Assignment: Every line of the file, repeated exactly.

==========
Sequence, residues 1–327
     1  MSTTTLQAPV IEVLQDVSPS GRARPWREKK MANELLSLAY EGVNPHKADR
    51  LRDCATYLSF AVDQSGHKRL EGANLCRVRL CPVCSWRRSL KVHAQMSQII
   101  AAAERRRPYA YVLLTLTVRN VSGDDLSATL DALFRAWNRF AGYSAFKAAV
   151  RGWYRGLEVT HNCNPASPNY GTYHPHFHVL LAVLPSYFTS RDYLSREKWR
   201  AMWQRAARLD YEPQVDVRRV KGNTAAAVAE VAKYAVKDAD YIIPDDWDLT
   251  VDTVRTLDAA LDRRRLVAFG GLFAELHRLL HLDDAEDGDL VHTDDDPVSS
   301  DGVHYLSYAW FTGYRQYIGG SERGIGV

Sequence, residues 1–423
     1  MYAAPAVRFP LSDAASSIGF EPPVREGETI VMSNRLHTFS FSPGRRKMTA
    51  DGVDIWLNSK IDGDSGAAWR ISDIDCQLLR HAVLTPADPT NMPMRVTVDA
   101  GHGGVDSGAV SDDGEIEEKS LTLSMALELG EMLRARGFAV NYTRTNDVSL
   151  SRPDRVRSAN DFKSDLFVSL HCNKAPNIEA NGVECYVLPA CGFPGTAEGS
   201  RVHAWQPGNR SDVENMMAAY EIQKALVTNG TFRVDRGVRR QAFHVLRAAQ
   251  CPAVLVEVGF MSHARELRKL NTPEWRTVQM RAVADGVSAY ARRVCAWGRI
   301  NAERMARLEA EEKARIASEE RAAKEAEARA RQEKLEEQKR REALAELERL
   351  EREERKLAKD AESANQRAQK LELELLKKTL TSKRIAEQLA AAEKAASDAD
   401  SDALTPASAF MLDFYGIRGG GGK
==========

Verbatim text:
Sequence, residues 1–327
     1  MSTTTLQAPV IEVLQDVSPS GRARPWREKK MANELLSLAY EGVNPHKADR
    51  LRDCATYLSF AVDQSGHKRL EGANLCRVRL CPVCSWRRSL KVHAQMSQII
   101  AAAERRRPYA YVLLTLTVRN VSGDDLSATL DALFRAWNRF AGYSAFKAAV
   151  RGWYRGLEVT HNCNPASPNY GTYHPHFHVL LAVLPSYFTS RDYLSREKWR
   201  AMWQRAARLD YEPQVDVRRV KGNTAAAVAE VAKYAVKDAD YIIPDDWDLT
   251  VDTVRTLDAA LDRRRLVAFG GLFAELHRLL HLDDAEDGDL VHTDDDPVSS
   301  DGVHYLSYAW FTGYRQYIGG SERGIGV

Sequence, residues 1–423
     1  MYAAPAVRFP LSDAASSIGF EPPVREGETI VMSNRLHTFS FSPGRRKMTA
    51  DGVDIWLNSK IDGDSGAAWR ISDIDCQLLR HAVLTPADPT NMPMRVTVDA
   101  GHGGVDSGAV SDDGEIEEKS LTLSMALELG EMLRARGFAV NYTRTNDVSL
   151  SRPDRVRSAN DFKSDLFVSL HCNKAPNIEA NGVECYVLPA CGFPGTAEGS
   201  RVHAWQPGNR SDVENMMAAY EIQKALVTNG TFRVDRGVRR QAFHVLRAAQ
   251  CPAVLVEVGF MSHARELRKL NTPEWRTVQM RAVADGVSAY ARRVCAWGRI
   301  NAERMARLEA EEKARIASEE RAAKEAEARA RQEKLEEQKR REALAELERL
   351  EREERKLAKD AESANQRAQK LELELLKKTL TSKRIAEQLA AAEKAASDAD
   401  SDALTPASAF MLDFYGIRGG GGK